Sao Paulo: please forgive all the bad things I’ve ever thought about you! I take it back! You’re amazing!
And I have to admit, I did think bad things about the city. In my defense, I only saw it on my way from the airport, when I was tired after a ten hours flight, but the entire city seemed to consist of high risers, and the only colours were off white, beige and sand. I didn’t get any sense of an actualy city centre, which probably was because there isn’t one. “People always ask me where the city centre is”, said Matthew Shirts, formerly of National Geographic in Brazil, who’s lived in Sao Paulo for twenty years. “And I always tell them that there isn’t one centre, there’s many. It’s a city of twelve million people.”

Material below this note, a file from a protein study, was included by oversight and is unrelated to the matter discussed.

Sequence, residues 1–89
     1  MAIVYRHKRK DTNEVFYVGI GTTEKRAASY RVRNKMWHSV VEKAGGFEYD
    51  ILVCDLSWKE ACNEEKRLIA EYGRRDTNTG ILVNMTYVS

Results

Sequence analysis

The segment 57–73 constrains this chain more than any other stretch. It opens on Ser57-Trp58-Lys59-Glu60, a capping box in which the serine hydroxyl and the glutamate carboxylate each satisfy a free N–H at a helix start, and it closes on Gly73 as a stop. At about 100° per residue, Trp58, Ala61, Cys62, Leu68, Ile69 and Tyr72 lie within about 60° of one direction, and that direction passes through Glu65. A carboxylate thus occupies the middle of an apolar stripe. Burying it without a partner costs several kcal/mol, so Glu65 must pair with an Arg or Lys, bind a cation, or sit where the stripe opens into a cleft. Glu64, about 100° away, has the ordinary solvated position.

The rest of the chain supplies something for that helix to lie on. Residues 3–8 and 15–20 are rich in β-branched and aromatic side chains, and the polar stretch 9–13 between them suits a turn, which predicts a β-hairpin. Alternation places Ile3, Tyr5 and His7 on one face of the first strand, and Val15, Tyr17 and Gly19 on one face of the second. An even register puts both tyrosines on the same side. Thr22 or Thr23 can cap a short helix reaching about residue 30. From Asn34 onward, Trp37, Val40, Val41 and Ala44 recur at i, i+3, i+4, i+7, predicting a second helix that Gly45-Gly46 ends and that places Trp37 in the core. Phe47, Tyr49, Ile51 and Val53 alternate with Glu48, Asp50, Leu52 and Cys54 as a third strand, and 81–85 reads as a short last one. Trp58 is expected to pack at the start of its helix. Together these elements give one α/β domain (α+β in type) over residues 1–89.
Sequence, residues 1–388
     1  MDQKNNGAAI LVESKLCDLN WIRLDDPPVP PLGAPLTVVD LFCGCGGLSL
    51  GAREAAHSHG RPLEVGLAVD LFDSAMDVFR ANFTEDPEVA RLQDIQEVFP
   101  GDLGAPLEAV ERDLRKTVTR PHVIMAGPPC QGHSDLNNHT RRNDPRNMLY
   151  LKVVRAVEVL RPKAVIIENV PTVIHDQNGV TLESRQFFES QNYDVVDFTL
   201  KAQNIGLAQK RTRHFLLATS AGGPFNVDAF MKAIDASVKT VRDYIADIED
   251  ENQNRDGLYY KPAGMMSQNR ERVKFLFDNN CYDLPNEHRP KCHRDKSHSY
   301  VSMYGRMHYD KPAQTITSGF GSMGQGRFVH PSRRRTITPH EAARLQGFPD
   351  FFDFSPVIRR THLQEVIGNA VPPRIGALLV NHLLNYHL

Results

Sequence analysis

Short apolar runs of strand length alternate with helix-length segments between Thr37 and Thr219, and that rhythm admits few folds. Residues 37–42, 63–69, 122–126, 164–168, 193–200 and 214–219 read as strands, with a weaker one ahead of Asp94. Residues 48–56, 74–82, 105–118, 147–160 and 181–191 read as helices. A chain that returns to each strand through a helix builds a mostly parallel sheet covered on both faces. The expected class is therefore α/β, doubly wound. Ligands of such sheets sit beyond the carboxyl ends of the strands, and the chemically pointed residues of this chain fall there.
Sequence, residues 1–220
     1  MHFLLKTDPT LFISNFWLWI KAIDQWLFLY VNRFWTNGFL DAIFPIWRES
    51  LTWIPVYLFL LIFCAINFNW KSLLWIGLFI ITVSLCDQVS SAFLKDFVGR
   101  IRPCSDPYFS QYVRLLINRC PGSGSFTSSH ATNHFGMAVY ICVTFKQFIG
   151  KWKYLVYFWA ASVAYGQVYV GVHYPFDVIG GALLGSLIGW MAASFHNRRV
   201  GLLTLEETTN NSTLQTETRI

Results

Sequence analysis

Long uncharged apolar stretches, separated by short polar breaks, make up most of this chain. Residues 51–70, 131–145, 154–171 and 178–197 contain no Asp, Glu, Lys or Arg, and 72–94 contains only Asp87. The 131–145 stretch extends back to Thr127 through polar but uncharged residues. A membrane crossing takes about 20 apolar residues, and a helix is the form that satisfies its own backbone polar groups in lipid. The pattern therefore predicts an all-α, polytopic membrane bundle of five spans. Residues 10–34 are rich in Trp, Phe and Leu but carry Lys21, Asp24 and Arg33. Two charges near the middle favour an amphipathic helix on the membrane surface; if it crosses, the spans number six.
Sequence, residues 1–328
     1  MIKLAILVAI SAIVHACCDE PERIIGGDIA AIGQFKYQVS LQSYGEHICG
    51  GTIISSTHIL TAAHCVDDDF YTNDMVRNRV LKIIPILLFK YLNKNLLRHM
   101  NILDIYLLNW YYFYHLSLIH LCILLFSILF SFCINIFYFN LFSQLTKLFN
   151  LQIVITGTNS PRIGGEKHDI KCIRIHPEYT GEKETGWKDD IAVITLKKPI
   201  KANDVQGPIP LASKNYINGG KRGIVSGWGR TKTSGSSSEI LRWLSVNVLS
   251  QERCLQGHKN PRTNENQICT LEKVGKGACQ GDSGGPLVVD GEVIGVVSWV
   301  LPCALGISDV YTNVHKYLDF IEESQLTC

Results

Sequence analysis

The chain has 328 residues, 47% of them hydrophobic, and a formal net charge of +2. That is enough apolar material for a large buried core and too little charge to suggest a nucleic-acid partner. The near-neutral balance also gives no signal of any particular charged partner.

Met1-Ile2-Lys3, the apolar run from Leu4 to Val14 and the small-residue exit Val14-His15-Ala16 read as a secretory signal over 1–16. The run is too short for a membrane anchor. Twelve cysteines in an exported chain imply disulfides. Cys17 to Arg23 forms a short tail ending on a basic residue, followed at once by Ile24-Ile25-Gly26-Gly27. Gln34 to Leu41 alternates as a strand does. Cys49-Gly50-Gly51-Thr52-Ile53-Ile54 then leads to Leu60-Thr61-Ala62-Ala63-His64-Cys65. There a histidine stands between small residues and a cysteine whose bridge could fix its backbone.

Matthew used to write a column about daily life in Vila Madalena, and probably single handledly turned it into the charming bohemian quarter it is today. It’s an abslutely lovely area: the houses are small and individuals, painted yellow or pink or clear blue or covered with street art. There’s art galleries, small shows, and bars. Plenty of bars. And a coffee shop named the Coffee Lab, so you see what kind of area it is. Unlike Santos, Sao Paulo are built mostly of hills, so the steep streets remind me of San Francisco. The area reminds me of San Francisco before the tech guys. I was there for an event in a great bookshop, and afterwards we walked slowly to a restaurant a block or so away, where a jazz band was playing inside and people were having dinner or a few beer with friends. When we left them at midnight the band was still playing and people were still hanging around.
A normal Monday evening in Vila Madalena.